Immersive Cocoon // Step Into The Future. Tube-Shaped Scaffold May Help Nerve Cells Connect to Prosthetics. New implant allows the blind to stream Braille directly onto their retinas. Man in coma uses his thoughts to tell doctors, 'I'm not in pain' Brainwaves. Watson. IBM's Watson supercomputer destroys all humans in Jeopardy. BrainPort® V100. The BrainPort V100 is a non-surgical assistive device intended for orientation, mobility, object identification, and spot reading by individuals who are blind with no useful vision.
It translates digital information from a video camera into gentle electrical stimulation patterns on the surface of the tongue. Users feel moving bubble-like patterns on their tongue which they learn to interpret as the shape, size, location and motion of objects in their environment. The BrainPort V100 is intended to augment rather than replace other assistive technologies such as the white cane or dog guide. The BrainPort V100 device is an Investigational Device and its use remains limited by U.S. Federal Law to investigational uses only. Spectre footnotes. From the archive, originally posted by: [ spectre ] Warriors of the future will ‘taste’ battlefield / April 25, 2006 PENSACOLA, Florida (AP) — In their quest to create the super warrior of the future, some military researchers aren’t focusing on organs like muscles or hearts.
They’re looking at tongues. By routing signals from helmet-mounted cameras, sonar and other equipment through the tongue to the brain, they hope to give elite soldiers superhuman senses similar to owls, snakes and fish. Researchers at the Florida Institute for Human and Machine Cognition envision their work giving Army Rangers 360-degree unobstructed vision at night and allowing Navy SEALs to sense sonar in their heads while maintaining normal vision underwater — turning sci-fi into reality. The device, known as “Brain Port,” was pioneered more than 30 years ago by Dr. Brainport Vision Device helps a blind man "see" Paralyzed woman controls robotic arm, sips coffee. Performing even a simple movement is a rather complicated process.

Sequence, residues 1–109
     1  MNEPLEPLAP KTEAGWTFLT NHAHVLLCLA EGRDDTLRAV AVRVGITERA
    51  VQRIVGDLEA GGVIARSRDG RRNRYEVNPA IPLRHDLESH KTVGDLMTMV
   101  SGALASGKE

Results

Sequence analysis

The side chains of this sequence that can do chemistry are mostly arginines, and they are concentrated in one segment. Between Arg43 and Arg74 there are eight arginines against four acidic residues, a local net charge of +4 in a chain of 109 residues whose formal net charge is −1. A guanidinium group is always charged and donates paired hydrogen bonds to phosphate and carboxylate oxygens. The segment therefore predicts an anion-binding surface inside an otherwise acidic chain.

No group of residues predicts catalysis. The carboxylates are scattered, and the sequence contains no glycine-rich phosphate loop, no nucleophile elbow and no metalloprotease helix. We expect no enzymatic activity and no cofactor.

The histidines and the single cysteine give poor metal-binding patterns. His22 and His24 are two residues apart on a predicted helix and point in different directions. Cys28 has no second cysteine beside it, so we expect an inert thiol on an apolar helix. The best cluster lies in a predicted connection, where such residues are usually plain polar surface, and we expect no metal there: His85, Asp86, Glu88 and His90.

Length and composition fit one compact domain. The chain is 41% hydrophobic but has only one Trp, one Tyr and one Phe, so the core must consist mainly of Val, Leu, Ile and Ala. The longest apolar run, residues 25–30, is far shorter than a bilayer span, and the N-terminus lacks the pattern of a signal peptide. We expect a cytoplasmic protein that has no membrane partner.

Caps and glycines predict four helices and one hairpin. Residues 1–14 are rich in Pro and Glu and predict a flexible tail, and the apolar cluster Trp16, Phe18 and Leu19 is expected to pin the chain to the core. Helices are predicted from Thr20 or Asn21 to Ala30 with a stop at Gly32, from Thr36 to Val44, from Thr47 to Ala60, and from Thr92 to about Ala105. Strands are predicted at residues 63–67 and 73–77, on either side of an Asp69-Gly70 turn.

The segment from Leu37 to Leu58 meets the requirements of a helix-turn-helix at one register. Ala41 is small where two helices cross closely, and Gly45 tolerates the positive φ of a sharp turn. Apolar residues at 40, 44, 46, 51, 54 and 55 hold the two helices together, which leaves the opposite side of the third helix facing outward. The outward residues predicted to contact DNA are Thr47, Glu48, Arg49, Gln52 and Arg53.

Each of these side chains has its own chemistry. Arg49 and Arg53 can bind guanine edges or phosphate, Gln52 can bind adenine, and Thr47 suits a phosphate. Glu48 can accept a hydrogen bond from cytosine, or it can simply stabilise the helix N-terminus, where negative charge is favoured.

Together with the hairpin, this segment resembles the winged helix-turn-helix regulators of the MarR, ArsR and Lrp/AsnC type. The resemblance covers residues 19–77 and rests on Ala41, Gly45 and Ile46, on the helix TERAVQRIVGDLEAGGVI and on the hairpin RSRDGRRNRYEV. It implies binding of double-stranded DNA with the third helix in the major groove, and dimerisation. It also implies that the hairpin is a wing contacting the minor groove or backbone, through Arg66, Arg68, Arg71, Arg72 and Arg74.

First, the brain has to signal its intent to perform an action, which then gets translated into the specific motions that are required to achieve that intention. Those motions require a series of muscle contractions; the signals for these need to be sent out of the brain, through the spinal cord, and to the appropriate destination. For most people who suffer from paralysis, it's really these later steps that are affected—most of the setup can still go on in the brain, but damage keeps the signals from making their way to the muscles. If there were a way to eavesdrop on the brain, it might be possible to identify an individual's intent and translate that into some form of useful action. This may sound like science fiction, but significant progress has been made in the area.
Now, we've taken the next big step. A bioinformatics platform for crowd-sourced brain research. Emotiv Insight A wireless headset that records your brainwaves and translates them into meaningful data you can understand What you can do with a little Insight...